Intertwined

The intimate relationship between information and capital

Published online: Jan 12, 2018 Articles Mark Klompien, President/CEO, United Potato Growers of America
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This column appears in the January 2018 issue of Potato Grower.

Growing up on a family seed potato farm in the Gallatin valley of southwestern Montana, one thing was always very clear to me: Not only did my dad and mom work really hard, but they had invested their hearts and souls into that way of life. They had also invested essentially all of their capital into the family farm. Though not being able to relate as much to that aspect at the time, production businesses such as agriculture require very large amounts of capital investment.

Production ag operations require capital to purchase assets such as the land they farm, the machinery to plant and harvest crops, irrigation systems, and farm structures to store and process those crops. They also require operating capital for things like seed, fertilizer, labor and insurance. So how do these very large capital investments relate to information? Successful investment of one requires the successful acquisition of the other.

While agriculture’s capital requirements for both fixed assets and operating funds are almost always proportionately large, they also can vary greatly from operation to operation. The total capital variance between a Montana dryland wheat farm and a Columbia Basin potato farm can easily exceed 10 times. The value of information between the two types of farms varies just as much. Wheat requires relatively simple cultural practices, and wheat’s market information and corresponding value is globally based. No matter how intensely the dryland wheat grower studies world wheat markets, such a study usually avails him little advantage in his crop returns. In stark contrast, the Columbia Basin potato grower, who finds himself entirely invested in the constantly churning fresh produce business, must incorporate supply and demand intricacies into most every decision. He must stay thoroughly in touch with the potato market, and this only happens through a constant feed of reliable information.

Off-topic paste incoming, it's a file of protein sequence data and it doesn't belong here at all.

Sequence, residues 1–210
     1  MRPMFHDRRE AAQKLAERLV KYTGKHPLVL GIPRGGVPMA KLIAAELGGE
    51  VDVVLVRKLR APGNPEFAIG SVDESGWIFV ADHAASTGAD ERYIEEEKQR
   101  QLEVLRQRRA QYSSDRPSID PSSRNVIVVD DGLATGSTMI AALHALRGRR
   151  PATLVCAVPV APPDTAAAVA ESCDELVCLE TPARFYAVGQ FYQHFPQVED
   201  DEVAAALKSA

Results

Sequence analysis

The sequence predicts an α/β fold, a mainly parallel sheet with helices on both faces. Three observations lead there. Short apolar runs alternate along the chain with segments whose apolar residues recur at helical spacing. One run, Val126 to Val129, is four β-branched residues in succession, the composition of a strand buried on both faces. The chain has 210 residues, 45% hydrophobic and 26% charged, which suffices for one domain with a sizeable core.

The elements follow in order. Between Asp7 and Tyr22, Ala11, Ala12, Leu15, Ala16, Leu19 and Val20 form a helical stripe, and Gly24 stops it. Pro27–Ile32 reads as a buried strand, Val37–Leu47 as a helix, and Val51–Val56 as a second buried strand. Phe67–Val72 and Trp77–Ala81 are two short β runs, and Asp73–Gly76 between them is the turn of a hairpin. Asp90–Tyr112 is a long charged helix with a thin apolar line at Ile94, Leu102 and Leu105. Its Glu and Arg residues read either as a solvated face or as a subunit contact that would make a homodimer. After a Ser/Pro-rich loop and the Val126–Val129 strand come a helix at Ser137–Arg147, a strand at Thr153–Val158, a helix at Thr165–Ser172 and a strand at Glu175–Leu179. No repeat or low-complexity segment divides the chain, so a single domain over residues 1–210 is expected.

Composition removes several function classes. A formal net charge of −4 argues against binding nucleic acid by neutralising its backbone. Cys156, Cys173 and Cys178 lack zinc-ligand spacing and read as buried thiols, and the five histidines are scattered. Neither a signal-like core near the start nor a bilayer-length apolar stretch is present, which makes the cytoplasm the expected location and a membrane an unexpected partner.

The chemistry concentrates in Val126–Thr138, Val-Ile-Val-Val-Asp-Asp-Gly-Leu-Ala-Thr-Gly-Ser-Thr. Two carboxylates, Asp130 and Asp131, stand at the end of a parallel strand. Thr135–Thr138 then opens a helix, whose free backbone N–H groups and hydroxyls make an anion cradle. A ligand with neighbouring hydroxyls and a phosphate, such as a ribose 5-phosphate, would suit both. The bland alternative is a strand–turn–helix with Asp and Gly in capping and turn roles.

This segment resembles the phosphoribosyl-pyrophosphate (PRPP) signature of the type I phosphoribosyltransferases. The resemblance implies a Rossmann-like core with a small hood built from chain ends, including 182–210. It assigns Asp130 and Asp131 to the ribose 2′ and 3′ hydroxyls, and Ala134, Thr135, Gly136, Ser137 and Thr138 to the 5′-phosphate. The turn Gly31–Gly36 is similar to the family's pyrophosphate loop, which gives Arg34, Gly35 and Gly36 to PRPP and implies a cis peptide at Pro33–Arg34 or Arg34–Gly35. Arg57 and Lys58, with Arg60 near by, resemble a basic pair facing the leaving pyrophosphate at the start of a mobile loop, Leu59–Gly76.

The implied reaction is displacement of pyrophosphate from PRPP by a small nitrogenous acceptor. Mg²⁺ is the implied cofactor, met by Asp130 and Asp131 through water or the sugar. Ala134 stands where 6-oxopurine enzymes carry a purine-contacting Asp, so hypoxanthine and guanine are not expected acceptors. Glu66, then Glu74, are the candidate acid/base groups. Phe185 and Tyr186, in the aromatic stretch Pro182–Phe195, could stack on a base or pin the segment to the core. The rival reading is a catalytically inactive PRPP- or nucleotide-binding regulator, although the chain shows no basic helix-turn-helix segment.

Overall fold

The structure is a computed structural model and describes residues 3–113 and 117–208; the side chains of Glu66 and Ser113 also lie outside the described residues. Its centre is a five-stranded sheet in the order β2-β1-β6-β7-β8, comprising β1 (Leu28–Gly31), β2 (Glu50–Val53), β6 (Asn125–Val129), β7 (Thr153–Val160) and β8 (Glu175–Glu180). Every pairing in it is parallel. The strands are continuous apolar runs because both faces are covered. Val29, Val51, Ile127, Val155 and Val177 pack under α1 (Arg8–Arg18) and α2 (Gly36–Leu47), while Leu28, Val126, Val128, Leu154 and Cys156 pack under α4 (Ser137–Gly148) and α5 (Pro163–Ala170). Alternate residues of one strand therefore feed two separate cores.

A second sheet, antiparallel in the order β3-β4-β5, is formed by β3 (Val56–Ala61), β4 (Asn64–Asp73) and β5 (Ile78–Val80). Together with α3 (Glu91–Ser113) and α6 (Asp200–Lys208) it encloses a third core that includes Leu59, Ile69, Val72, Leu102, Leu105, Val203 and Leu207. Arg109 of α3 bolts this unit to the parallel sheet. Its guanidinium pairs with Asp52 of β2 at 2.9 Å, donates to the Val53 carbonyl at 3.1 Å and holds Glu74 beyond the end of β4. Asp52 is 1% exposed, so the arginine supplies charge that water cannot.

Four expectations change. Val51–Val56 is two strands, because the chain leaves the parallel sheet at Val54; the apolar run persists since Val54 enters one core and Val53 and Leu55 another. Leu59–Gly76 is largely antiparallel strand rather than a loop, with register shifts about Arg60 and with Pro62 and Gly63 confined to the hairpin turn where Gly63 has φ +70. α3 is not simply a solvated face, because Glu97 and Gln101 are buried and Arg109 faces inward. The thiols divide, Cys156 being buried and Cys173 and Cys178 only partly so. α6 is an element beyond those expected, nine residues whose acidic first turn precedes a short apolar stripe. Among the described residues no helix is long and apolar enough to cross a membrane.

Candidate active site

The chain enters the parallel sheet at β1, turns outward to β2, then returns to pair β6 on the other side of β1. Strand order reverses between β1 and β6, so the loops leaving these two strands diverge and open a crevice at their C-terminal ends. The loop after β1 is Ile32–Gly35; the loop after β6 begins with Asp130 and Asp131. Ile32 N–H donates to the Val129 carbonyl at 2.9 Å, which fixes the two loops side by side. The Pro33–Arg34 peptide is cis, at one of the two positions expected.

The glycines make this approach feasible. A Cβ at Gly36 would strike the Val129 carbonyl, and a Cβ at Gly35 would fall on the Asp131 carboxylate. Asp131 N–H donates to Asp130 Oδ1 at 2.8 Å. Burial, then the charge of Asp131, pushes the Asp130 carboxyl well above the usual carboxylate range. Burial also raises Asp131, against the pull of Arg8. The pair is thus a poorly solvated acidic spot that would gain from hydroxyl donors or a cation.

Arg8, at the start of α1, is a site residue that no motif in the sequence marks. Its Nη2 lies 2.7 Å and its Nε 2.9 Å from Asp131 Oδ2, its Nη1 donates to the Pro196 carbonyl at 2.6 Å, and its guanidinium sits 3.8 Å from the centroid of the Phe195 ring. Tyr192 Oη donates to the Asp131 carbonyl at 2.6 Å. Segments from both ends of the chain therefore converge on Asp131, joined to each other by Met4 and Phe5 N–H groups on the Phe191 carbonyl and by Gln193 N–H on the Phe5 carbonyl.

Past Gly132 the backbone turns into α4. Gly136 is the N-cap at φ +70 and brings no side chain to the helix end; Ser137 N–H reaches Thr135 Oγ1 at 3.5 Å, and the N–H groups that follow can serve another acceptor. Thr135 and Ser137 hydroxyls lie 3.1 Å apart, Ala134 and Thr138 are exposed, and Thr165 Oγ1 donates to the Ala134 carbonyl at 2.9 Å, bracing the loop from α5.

There are many examples of fresh produce crops that are returning fair profits from their capital investments, from tomatoes and pears to citrus, driven by growers who demand and act upon reliable market information. Then there are positive examples from our own potato industry. The success of the 2017 red potato crop transition was achieved precisely because of a strategy based on information carefully gathered and collaboratively acted upon, where despite increased production the market was maintained to bring growers a fair return.

Yet another example of the power of well-utilized information is that of a balanced supply situation in the current 2017 russet potato crop. Growers, understanding the volumes that the fresh-potato market demands and producing to that number, have created a favorable market environment where they can expect a fair return on those large capital investments. Perhaps most impressively, they hold this power of information that will allow them to bring those fair returns from year to succeeding year. Pairing market information with capital investment is critical to a potato grower’s long-term success.